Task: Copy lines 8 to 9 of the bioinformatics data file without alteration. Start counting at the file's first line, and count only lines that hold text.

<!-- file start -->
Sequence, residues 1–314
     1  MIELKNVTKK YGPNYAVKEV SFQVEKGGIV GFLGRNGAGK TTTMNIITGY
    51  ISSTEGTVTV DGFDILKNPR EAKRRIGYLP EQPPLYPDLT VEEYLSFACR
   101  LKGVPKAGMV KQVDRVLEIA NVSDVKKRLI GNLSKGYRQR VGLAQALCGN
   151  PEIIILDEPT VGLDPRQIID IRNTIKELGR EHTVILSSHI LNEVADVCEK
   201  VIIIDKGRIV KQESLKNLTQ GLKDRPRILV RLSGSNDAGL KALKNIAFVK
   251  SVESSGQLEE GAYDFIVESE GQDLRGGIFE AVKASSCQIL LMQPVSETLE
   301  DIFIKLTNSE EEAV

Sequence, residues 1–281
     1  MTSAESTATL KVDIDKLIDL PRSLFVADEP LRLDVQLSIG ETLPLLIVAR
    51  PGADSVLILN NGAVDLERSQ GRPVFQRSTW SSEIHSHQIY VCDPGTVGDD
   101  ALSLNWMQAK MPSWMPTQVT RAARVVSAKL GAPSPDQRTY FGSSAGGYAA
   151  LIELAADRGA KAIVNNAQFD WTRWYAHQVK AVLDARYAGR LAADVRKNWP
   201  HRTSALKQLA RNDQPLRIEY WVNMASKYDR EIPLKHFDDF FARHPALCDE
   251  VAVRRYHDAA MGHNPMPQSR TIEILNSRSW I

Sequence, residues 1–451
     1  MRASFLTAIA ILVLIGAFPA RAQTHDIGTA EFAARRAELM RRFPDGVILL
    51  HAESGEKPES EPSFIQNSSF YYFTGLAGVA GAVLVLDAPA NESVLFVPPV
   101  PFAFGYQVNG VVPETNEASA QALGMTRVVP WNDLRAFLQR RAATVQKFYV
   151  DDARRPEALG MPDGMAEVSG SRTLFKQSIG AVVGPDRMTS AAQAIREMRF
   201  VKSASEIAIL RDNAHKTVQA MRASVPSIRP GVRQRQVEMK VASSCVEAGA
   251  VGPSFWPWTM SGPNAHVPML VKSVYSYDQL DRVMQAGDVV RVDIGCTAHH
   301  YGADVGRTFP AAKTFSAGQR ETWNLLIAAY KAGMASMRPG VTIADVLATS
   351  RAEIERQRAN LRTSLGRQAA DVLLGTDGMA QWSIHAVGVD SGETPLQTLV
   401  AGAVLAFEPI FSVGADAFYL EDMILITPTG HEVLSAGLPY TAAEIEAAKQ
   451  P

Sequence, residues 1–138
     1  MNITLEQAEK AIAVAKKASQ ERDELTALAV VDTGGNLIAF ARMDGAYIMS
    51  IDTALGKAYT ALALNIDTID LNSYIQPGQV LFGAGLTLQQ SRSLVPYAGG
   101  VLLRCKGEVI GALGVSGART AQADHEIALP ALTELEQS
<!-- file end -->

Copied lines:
   301  DIFIKLTNSE EEAV

Sequence, residues 1–281